The following interfered with it:
    1. The microwave
    2. The 2.4 GHz wireless phones
    3. My 2.4 GHz wireless network.

    The 5.8 GHz models may work better, if you do not have anything that uses 5.8 GHz.

    Also if you are in close proximity to a neighbor using either 2.4 or 5.8 it may interfer with your equipment also.
  12. MikeR

    MikeR Hall Of Fame

    Oct 5, 2006
    I'll wait for UWB or Wireless HD devices to become available.
  13. hasan

    hasan Well-Known Member

    Sep 22, 2006
    Ogden, IA
    The wider bandwidth available and 4 channels may ameliorate the competition from say, a 5.8 gig cordless phone, but I sure wouldn't want to invest in one without being dead sure they won't suffer from the same problems as the 2.4 gig models did/do. I only have one 5.8 gig cordless phone system in the house, but I would be very wary that it would suffer the same problems (and cause the same problems) as the 2.4 gig system did.

    I will say, the video quality of the 2.4 gig system was outstanding....when it wasn't getting killed by my wifi stuff.
  14. BNUMM

    BNUMM Hall Of Fame

    Dec 23, 2006
    I have used the ones from X10 and they work fine if you use the A/V (composite) outputs and not the Coax outputs. Some times you will get interference from Microwave ovens.
  15. lionsfan

    lionsfan Mentor

    Jan 19, 2007
    I have the RF Link 5.8 gig system. Works real good, minimal interference when using 5.8 gig phone. transmitter in bedroom, reciever in kitchen, no problem when microwave is on. Did take a little time to set up on right channel and tweek the antennas to the right position.
  16. bwaldron

    bwaldron Impossible Dreamer

    Oct 24, 2005
    Yep, the wireless transmitters @ 2.4 especially can be a PITA. That said, I still have one in use over a fairly short distance to a seldom-used SD TV. I don't use 2.4 Ghz phones, but have been able to select a channel on the wireless A/V transmitter and my wireless G router so that they coexist fine. My microwave is far enough out of the signal path that it doesn't interfere.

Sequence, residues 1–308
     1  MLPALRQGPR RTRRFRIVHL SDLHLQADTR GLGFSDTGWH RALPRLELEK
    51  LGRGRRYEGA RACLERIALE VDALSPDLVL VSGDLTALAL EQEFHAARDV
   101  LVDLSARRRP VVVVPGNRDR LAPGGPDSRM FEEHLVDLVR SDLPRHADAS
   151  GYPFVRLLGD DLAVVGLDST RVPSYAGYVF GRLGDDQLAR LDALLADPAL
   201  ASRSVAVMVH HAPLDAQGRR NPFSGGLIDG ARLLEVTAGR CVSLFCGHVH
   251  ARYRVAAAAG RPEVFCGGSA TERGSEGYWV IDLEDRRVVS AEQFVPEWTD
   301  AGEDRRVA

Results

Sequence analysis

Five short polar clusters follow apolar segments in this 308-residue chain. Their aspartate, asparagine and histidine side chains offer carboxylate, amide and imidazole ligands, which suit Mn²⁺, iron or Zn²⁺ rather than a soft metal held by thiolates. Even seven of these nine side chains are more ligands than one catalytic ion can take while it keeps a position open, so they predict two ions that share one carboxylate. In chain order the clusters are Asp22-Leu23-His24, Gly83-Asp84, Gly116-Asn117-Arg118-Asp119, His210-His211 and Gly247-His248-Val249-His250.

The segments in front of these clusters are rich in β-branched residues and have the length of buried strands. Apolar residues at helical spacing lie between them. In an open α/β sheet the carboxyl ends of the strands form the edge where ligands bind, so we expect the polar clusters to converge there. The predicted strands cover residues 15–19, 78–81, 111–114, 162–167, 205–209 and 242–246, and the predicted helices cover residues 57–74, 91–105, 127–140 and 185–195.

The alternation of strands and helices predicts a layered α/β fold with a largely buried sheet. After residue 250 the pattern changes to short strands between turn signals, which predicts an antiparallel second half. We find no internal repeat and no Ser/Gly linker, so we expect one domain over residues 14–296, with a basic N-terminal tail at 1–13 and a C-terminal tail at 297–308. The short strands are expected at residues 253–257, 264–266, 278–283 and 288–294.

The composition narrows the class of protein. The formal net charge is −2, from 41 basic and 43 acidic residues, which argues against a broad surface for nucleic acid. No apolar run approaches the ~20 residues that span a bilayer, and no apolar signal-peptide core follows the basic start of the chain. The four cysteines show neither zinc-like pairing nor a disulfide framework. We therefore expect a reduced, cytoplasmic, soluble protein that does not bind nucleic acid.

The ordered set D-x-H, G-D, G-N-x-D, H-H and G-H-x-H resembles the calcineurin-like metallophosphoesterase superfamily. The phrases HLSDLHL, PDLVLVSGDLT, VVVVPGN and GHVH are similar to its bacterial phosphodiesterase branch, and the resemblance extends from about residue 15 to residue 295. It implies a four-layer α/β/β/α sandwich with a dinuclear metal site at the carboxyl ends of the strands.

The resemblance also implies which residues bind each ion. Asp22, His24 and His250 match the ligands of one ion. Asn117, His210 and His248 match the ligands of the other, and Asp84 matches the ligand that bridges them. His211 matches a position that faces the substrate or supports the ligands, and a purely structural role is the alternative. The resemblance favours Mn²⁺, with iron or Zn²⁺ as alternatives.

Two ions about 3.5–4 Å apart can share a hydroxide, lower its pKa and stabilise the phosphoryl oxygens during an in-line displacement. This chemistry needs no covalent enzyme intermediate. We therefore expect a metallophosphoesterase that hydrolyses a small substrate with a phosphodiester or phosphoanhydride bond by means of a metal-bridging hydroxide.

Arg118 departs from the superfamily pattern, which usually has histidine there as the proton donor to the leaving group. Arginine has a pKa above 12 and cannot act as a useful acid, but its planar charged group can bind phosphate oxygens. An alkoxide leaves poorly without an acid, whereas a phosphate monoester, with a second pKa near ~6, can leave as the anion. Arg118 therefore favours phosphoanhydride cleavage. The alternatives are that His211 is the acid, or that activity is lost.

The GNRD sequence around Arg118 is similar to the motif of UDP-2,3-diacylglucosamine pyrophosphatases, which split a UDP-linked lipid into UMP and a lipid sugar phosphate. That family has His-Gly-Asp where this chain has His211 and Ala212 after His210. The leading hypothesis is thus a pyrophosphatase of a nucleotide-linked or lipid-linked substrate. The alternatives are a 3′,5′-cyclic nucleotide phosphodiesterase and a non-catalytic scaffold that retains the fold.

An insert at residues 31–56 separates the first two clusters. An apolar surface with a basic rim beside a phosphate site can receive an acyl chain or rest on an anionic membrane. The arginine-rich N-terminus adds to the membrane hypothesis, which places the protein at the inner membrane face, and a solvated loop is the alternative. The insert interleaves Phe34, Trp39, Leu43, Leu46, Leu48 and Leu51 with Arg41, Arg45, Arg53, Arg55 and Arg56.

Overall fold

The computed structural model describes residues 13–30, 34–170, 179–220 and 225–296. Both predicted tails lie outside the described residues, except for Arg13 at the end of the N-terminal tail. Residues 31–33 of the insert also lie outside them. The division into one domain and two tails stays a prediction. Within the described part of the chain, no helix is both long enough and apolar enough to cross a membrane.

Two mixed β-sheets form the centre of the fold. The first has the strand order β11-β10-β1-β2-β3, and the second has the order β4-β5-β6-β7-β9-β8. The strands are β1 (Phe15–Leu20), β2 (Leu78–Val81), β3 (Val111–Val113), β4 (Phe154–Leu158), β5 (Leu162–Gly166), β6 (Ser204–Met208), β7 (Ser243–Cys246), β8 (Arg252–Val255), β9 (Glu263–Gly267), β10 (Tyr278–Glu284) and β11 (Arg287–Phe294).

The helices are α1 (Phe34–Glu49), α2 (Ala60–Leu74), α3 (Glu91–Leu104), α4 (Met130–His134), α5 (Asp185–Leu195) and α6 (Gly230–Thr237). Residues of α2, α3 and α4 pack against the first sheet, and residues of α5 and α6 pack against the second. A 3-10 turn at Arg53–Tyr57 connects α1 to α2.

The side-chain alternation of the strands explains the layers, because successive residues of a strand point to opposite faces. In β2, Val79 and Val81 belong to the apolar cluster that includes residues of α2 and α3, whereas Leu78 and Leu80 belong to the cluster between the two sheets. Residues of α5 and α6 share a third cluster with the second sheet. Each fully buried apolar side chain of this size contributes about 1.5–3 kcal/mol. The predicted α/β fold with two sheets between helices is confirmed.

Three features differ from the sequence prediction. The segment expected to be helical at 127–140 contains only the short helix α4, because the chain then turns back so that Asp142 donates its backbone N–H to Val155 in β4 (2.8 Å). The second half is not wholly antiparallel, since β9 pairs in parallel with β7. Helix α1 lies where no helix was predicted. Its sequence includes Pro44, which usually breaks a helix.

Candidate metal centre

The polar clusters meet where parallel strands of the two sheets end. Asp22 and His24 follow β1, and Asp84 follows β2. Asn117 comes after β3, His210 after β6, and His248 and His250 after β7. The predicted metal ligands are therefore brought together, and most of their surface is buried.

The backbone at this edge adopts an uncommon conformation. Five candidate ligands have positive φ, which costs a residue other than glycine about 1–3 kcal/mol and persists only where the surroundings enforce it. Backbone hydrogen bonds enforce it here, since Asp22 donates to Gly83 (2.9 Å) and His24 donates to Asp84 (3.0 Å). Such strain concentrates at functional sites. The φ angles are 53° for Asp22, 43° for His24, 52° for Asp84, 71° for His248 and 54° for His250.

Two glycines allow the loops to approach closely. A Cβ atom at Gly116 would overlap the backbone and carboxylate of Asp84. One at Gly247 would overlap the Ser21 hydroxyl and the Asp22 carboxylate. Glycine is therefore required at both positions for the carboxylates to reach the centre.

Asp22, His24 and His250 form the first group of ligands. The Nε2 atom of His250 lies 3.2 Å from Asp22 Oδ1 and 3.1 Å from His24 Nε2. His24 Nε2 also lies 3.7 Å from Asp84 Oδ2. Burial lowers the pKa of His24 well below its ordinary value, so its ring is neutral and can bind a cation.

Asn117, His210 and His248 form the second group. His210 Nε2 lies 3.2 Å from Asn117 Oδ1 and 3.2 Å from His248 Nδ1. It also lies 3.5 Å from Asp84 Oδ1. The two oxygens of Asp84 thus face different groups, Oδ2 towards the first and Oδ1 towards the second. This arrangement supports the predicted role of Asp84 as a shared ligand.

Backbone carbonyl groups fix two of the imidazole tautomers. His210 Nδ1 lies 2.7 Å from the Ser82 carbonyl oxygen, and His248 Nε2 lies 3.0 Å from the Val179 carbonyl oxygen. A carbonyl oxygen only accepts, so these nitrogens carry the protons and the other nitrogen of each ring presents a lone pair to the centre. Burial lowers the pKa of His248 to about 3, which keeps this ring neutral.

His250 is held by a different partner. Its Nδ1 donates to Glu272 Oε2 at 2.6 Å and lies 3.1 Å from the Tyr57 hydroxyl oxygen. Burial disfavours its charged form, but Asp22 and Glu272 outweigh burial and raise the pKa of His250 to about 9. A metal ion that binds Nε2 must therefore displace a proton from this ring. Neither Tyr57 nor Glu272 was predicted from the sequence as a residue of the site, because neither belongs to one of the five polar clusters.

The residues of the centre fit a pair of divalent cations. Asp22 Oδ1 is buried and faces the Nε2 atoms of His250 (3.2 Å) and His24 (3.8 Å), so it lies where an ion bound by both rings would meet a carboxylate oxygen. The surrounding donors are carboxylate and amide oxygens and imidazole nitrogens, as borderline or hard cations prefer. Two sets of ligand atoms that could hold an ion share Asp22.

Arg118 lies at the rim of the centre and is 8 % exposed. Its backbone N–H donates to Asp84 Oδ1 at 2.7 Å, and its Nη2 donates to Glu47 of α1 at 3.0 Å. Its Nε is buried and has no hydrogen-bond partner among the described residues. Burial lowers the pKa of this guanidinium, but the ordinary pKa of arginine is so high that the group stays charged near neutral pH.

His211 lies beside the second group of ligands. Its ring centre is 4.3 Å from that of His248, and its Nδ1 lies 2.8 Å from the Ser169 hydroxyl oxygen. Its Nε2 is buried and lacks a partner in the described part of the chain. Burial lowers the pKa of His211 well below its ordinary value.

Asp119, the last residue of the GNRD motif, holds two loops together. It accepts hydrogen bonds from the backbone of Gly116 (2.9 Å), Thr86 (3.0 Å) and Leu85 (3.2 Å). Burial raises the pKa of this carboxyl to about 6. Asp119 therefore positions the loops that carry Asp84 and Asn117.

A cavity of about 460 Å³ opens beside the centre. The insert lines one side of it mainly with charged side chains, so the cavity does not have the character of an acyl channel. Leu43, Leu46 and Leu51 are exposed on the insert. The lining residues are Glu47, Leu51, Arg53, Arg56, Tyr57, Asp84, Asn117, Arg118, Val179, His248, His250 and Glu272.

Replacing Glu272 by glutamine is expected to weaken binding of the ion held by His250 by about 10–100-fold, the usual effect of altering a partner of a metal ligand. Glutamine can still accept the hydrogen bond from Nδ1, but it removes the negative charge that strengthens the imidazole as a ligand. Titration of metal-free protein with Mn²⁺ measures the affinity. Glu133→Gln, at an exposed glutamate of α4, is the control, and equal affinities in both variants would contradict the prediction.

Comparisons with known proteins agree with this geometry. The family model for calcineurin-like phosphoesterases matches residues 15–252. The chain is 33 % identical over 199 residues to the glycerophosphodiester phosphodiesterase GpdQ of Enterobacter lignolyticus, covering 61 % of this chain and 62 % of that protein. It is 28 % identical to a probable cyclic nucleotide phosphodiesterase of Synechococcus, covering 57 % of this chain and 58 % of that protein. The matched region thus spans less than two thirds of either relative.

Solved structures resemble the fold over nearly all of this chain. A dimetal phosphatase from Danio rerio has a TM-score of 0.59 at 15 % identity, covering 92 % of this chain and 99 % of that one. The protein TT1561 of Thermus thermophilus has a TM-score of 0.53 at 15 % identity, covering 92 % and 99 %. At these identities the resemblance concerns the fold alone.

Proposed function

Still, 5.8 is probably better in a home with wireless networking (and w/o 5.8Ghz phones), and running cable is of course the best option always.
  17. BillyBob_jcv

    BillyBob_jcv Legend

    Feb 11, 2006
    Couldn't you also use a slingbox and a PC or laptop at the second location? Not a super cheap solution, but it would avoid the network interference issues - and they do have HD-capable slingboxes.
  18. Ken S

    Ken S RIP

    Feb 12, 2007
    You may want to wait and see if Slingbox releases their Slingcatcher. You could then transfer the signal over a wireless or wired IP network to your tv.
  19. bwaldron

    bwaldron Impossible Dreamer

    Oct 24, 2005
    Sure it is possible, but may not be all that desirable depending upon the location and intended use (although the upcoming SlingCatcher might be a good option for a regular TV).

    Also, note that "HD capable" really only means it accepts a component input -- it is still putting out SD (albeit possibly with slightly better quality).
  20. Stuart Sweet

    Stuart Sweet The Shadow Knows!

    Jun 18, 2006
    Agreed, my slingbox puts out pristine video over the LAN but it's still 640x480. Coming from an HD source, it's superior to regular SD in perceived quality but not resolution.